Battle for Los Angeles - Ditto
War of the Worlds - No way an advanced alien race would fall to the common cold.
So when I got the chance to write my own take on humanity's last stand I grabbed it.
Canute follows the last human settlement in the UK as it ekes out its desperate final days in the face of an advancing, semi-sentient nanotechnological plague that has consumed the rest of the country. It's full of action (as all SNAFU stories are) but it's also about why we continue to fight against impossible odds and what's worth fighting for.
Huge thanks to Geoff and AJ from Cohesion Press for picking up this story and making out what it is.
You can pick up a copy of SNAFU: Last Stand here.
No, it's not SNAFU cashing in on the medical problems plaguing the planet at the moment. It's actually a mix of reprints and original stories re-released for a good cause.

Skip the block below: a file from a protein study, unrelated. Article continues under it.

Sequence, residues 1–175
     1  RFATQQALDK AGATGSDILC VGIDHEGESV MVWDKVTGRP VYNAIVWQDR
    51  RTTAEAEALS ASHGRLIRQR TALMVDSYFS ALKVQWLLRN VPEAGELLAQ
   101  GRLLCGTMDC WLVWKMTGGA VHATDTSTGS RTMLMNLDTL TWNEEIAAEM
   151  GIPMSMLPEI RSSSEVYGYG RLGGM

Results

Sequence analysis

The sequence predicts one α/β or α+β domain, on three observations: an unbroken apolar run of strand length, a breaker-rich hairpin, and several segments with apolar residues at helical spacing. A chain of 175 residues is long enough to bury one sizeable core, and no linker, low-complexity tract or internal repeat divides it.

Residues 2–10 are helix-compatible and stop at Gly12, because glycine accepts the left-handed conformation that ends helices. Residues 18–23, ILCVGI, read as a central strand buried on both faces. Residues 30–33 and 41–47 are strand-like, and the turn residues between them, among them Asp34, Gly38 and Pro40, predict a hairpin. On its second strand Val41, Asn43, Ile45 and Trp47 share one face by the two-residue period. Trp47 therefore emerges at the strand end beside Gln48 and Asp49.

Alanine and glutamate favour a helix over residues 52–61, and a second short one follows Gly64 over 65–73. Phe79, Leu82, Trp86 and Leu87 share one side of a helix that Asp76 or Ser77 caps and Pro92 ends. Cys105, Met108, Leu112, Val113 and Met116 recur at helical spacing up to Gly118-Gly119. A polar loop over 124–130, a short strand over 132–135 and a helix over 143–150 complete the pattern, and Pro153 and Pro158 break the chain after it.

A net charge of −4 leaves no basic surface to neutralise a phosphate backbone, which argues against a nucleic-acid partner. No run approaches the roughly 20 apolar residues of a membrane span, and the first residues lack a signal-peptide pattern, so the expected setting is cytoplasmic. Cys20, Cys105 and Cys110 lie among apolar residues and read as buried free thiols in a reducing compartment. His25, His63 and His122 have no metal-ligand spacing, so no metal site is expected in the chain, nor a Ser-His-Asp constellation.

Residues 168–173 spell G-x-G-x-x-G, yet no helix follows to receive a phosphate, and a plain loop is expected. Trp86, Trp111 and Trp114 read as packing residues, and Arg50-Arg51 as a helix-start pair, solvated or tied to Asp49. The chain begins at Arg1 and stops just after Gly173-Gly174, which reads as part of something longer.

Well its not as bad as I thought it would be.
SNAFU: Last Stand
It's finally here.SNAFU: Last Stand was released to the public today.
I've had an advance copy for a while, so I've been able to read a few of the stories and there are some real crackers here.
I particularly enjoyed Skitter by Anna Stephens with it's fresh and brilliantly realized fantasy setting. And there are many other favorite authors (Alan Baxter, Jason Fischer and Patrick Freivald to name but a few) whose stories I'm looking forward to reading.
My story even gets a shout out from Tim Miler in his forward:
"This collection is truly a buffet of style, tone and desperate action. Do you want a post-apocalyptic and heart-rending story about nanotechnology gone wrong? Try 'Canute'."
If you're a fan of action-packed stories, you're bound to find something in here to enjoy. You can get your copy at the links below:
And if you really want to help an author out, please leave a review or rating on Amazon or Goodreads or your own social media or blog.